You want to confirm that there is not a mission or agenda in play that you might not be aware of. For example, a plan to change the company’s mission or products, to acquire other companies to grow into new markets, or to be acquired. For startups especially, these options are a distinct possibility. Just because a company’s marketing literature firmly states, "We deliver the best (whatever)!" does not mean that will always be the case.
Next, you want to discover how the company makes money, which will generally be from your conversations with finance and sales executives. What you want to know is: What products or services do they sell? Which sells the most? Which products or services matter most from a revenue and profitability perspective?
If your company sells products and services to specific companies rather than the public, you will also want to know who your major customers and/or markets are.
As you learn what is important, you will begin to fit the puzzle pieces together in your quest to identify the “crown jewels." These are those assets that are vital to the revenues and the operations of the company, or data whose disclosure can cause serious repercussions to the company’s operations or reputation.
The best way to identify what data is important, it to look at it from the perspective of high-level categories of information. The aim at this point is not to identify what systems this data resides on (that comes next) or to get into all the details regarding the data, but to understand what is in scope. A simple "yes" (we have it) or "no" (we don’t) answer will suffice at this stage. The broad categories of sensitive data you want to identify are:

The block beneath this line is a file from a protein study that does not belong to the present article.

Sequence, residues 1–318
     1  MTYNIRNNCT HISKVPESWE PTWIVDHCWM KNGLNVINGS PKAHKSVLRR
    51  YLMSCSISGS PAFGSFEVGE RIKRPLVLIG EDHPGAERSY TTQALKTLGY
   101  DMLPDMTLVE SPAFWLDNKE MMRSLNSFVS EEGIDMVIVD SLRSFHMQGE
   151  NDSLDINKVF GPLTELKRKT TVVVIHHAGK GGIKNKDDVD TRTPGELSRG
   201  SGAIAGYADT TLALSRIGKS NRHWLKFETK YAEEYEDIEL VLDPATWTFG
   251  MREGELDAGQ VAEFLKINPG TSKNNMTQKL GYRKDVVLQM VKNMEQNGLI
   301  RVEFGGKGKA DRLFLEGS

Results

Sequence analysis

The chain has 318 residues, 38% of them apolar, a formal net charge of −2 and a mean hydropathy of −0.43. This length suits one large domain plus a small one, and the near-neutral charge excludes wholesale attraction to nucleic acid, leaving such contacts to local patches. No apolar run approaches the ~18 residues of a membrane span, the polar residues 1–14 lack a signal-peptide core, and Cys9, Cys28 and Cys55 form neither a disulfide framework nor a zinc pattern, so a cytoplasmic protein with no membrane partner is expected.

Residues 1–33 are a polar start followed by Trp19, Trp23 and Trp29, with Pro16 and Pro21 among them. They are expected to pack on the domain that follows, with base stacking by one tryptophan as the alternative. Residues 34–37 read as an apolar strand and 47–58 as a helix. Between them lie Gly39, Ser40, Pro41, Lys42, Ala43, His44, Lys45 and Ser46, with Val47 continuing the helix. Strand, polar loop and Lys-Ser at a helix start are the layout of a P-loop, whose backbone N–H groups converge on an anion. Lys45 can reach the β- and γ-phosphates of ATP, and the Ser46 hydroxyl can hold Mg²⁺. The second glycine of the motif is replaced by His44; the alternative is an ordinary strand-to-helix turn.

- Personally Identifiable Information (PII): This is a general term that is used to describe any form of sensitive data that could identify an individual. PII has historically been known to just include Social Security numbers, phone numbers, mailing or email addresses, or driver’s licenses. But as technology and software have advanced, along with associated breach reporting regulations, the breadth of PII has also expanded. PII can also include login IDs, digital images, IP addresses, social media posts and other digital forms of data.
- Protected Health Information (PHI): This would include any medical information that might identify an individual’s use of healthcare services, including both diagnosis and treatments.
- Intellectual Property (IP): This includes all assets such as copyrights, patents, trademarks and trade secrets that are vital to the operations or success of the business.
- Cardholder Data (CD): Cardholder data is any personally identifiable information (PII) associated with a person who has a credit or debit card. This data includes the primary account number (PAN) along with any of the following data types: cardholder name, expiration date or service code.